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Fall Armyworm Moth (Spodoptera frugiperda)


Detailing the physical features, habits, territorial reach and other identifying qualities of the Fall Armyworm Moth.

 Updated: 1/24/2020; Authored By Staff Writer; Content ¬©www.InsectIdentification.org




Variations in color coupled with sexual dimorphism mean a handful of Fall Armyworm Moths can line up, and none of them are identical.



The male and female moth for this species look different from each other. The female is more gray than brown. The male is more brown than gray. Both have bean-shaped reniform spots on the lower part of the forewing. A short, pale line may be present above this spot, but it does not pass beyond the major vein on the outer edge. An elliptical or tight oval ring or spot is on the upper part of the forewing. It may be filled in with white, orange, or brown coloring. Besides the distinct spots and lines, females tend to be uniform in color, but males can have mottled white, brown, gray, and orange patches all over. This makes it difficult to recognize it unless one is familiar with this species' variations.

The Fall Armyworm, its caterpillar, is a notorious pest. It eats a variety of grasses and crop plants, which means it ruins turf and food production. Peanut, rice, soybean, sugarcane, alfalfa, cotton, and corn are some of the victims of the Fall Armyworm's feasting. Many generations can be produced in one year, so an area can be defoliated over the course of a season. There are many instars to this caterpillar and its appearance changes. One instar has an orange head, a black upper body with yellow lines and specks, and a yellow belly. Another is green with a black head. It can also appear brown with a lighter, yellow stripe on the 'back' that is dotted with dark spots, each growing a short black hair.

This caterpillar is active from late summer through the fall season in the north, but it is active year-round in the southern part of its range. Moths migrate north when the weather warms and help establish populations there. Look for clusters of white or pale yellow eggs covered with fuzz on the underside of leaves. Planting early in the season allows a crop to get harvested before the caterpillars are in force. Chemical and biological controls are commonly implemented to manage infestations when they occur.

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Taxonomic Hierarchy
Kingdom: Animalia
  Phylum: Arthropoda
    Class: Insecta
      Order: Lepidoptera
        Family: Noctuidae
          Genus: Spodoptera
            Species: frugiperda
Identifying Information
Scientific Name: Spodoptera frugiperda
Category: Butterfly or Moth
Size (Adult; Length): 16mm to 19mm (0.62in to 0.74in)
Colorwheel Graphic Colors: brown; tan; black gray
Descriptors: oval spot; ring; bean-shaped; dash; line; flying; multicolored; sexually dimorphic; mottled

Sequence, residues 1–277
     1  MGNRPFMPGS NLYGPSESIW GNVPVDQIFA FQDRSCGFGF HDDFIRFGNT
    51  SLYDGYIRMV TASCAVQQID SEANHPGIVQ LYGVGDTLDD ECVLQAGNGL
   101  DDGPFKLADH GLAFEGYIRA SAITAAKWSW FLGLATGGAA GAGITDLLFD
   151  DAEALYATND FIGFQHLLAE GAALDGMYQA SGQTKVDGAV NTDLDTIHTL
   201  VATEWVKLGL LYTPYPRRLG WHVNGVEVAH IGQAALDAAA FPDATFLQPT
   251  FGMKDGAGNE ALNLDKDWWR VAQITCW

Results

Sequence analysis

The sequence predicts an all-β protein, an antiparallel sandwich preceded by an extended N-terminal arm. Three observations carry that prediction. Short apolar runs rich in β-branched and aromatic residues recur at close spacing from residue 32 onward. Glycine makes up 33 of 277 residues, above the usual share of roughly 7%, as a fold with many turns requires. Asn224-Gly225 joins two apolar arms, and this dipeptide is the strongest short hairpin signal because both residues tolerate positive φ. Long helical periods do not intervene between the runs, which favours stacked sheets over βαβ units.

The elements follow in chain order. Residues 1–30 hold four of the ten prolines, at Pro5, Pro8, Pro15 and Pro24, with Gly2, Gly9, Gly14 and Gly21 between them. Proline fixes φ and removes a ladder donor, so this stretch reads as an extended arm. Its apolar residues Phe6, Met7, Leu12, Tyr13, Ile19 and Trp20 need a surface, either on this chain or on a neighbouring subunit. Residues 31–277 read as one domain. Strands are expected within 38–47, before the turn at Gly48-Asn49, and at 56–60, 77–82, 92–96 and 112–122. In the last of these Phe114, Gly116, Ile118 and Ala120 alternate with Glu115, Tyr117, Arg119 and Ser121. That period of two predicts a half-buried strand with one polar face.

Territorial Map
Alaska  
Hawaii  
Prince Edward Is.  
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Territorial Reach (A-to-Z)
Alabama
Alaska
Arizona
Arkansas
California
Colorado
Connecticut
Delaware
Florida
Georgia
Hawaii
Idaho
Illinois
Indiana
Iowa
Kansas
Kentucky
Louisiana
Maine
Maryland
Massachusetts
Michigan
Minnesota
Mississippi
Missouri
Montana
Nebraska
Nevada
New Hampshire
New Jersey
New Mexico
New York
North Carolina
North Dakota
Ohio
Oklahoma
Oregon
Pennsylvania
Rhode Island
South Carolina
South Dakota
Tennessee
Texas
Utah
Vermont
Virginia
Washington
West Virginia
Wisconsin
Wyoming
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Alberta
British Columbia
Manitoba
New Brunswick
Newfoundland and Labrador
Nova Scotia
Ontario
Prince Edward Island
Quebec
Saskatchewan
Mexican National Flag Graphic
Mexico
Note: An insect's reach is not limited by lines drawn on a map and therefore species may appear in areas, regions and/or states beyond those listed above as they are driven by environmental factors (such as climate change), available food supplies and mating patterns. Grayed-out selections indicate that the subject in question has not been reported in that particular territory. U.S. states and Canadian provinces / territories are clickable to their respective bug listings.




Butterfly and Moth Anatomy
Graphic showing basic anatomy of a common North American butterfly and moth insect
1
Antennae: Butterflies and Moths have a pair of antennae on the head used as sensors.
2
Head: The head is home to the insect's eyes, antennae, and proboscis.
3
Thorax: Home to the three pairs of legs as well as vital internal organs.
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Abdomen: Contains vital internal organs such as the heart(s) and reproduction facilities.
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Forewing: The upper, forward wing pair used for flying.
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Hindwing: The lower, rearward wing pair used for flying.
NOTE: Butterflies and Moths are part of the Lepidopteran order as they share many similarities.